Moving on to the lyrics:
Um, I don’t think we give Harry nearly enough credit for how calculating and ingenious he is. We tend to think of Harry as this little adorable marshmallow because of the dimpled cheeks and the “Treat People With Kindness” slogan and the fact that he was a literal cherub as a child.
But Harry can be pretty raw when he wants. He can also be petty and jealous and self-serving and all the bad things lovers can be. This lyric has always stuck out to me as much for it’s unabashed honesty as for it’s alarming imagery. (He can be super raw when he wants to get straight to the point and evoke a reaction out of you: “Spreading you open is the only way of knowing you…”)
But the point is, the opening lyric to FTDT is almost a call-to-action of sorts for Zayn. He knows the imagery of him playing with himself while he’s sad, drunk, and lonely will receive mixed reactions from him his listeners, but for the person who loves him and of whom he is demanding “…where were you?” he knows they will be gutted by this visual. He also knows the idea of him playing with himself will be irresistible for them. For me this lyric isn’t just sexual, it’s poignant. It’s Harry letting us into the mind-space he was suffering during his grief in the aftermath of losing Zayn, but he is also letting us into an intimate space where normally only one person’s eyes are allowed to roam (over his body as well as his heart.)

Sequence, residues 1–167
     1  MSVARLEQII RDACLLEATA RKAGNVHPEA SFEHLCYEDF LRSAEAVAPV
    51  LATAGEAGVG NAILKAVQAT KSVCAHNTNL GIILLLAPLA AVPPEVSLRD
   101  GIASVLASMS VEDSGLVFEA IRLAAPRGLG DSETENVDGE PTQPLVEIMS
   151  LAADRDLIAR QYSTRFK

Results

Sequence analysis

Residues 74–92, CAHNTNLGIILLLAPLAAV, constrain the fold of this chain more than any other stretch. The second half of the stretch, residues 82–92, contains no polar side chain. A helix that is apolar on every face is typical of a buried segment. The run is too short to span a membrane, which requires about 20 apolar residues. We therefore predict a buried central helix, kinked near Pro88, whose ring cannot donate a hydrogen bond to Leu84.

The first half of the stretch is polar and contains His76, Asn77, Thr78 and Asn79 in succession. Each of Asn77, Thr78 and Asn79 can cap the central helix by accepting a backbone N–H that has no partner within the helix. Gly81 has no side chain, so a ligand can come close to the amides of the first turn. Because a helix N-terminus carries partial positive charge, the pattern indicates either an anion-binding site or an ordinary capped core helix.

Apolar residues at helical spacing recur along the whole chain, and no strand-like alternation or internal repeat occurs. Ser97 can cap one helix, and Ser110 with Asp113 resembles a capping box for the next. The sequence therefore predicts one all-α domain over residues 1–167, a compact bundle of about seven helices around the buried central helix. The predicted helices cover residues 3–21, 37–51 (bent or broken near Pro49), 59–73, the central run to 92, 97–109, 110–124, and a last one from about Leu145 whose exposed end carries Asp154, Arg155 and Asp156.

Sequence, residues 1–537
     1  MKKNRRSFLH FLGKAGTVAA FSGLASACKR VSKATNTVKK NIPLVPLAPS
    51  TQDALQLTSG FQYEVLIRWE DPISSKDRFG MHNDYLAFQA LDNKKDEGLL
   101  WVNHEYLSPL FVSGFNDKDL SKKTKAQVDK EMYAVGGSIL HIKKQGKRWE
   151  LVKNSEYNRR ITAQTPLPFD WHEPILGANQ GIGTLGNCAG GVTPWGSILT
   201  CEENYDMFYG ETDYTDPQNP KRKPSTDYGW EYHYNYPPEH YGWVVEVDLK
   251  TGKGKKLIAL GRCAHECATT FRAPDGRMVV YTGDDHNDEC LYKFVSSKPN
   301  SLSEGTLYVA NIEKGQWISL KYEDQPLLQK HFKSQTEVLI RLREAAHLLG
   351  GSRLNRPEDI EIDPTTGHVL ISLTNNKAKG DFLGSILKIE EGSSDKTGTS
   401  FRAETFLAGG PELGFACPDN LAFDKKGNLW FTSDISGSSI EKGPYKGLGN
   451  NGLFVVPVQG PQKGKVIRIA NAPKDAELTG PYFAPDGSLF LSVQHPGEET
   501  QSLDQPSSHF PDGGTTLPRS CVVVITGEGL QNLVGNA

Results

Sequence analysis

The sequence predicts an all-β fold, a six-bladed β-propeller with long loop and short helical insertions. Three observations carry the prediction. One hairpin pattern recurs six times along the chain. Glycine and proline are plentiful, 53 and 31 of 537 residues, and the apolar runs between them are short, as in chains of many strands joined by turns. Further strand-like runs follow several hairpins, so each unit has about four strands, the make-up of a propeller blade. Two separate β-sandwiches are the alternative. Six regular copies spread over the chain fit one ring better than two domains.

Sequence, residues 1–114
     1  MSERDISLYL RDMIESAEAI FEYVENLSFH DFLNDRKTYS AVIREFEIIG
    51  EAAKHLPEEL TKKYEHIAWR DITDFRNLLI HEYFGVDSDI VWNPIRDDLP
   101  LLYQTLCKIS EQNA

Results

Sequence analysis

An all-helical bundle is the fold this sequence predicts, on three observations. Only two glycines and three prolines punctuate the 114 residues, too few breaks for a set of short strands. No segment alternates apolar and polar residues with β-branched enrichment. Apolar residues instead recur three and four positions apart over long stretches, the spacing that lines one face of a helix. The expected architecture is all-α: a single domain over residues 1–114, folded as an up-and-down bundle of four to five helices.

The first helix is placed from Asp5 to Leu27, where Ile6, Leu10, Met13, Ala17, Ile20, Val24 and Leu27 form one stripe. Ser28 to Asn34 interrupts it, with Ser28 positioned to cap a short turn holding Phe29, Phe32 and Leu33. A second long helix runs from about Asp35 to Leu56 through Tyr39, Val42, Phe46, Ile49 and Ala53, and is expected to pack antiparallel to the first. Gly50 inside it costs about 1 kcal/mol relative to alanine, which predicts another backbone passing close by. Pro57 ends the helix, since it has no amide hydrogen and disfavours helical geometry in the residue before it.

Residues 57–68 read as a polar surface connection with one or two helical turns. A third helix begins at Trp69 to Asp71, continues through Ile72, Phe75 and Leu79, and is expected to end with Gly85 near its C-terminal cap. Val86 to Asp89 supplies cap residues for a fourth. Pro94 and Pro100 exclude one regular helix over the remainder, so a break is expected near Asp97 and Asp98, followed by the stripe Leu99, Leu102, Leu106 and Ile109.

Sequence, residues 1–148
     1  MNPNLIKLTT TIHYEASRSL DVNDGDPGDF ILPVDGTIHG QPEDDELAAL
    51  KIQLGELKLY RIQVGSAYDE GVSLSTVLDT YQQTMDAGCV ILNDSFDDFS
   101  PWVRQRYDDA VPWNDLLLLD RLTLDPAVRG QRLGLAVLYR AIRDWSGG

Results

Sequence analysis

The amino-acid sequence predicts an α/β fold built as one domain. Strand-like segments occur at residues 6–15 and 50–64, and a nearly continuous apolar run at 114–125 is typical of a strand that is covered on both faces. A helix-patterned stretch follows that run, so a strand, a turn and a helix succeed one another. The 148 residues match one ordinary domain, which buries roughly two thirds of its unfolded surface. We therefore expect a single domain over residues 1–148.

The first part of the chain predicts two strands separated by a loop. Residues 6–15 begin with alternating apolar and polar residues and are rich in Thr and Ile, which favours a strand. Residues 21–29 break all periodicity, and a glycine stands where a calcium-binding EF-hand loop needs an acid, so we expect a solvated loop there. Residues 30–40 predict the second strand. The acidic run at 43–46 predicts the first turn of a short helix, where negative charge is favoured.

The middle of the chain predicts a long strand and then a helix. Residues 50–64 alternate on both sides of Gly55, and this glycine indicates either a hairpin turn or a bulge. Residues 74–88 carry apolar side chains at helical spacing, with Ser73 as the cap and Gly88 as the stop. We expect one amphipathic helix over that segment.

And as Harry’s former lover, I can’t imagine what this imagery must’ve evoked for Zayn (just like the haunting imagery in the “Falling” video.) However, I know for a fact that the “Where were you?” must’ve hit him like a ton of bricks. It’s subtle, yet demanding. It’s innocuous, yet accusatory. It’s saying “you should have been here.” It’s saying “I can’t believe you weren’t here. you told me you would always be here.” And as someone emotionally invested in Harry and who was responsible for his heart, I know this line must’ve cut Zayn like a knife, in addition to the vulnerable cover art, and his quiet delivery of this song.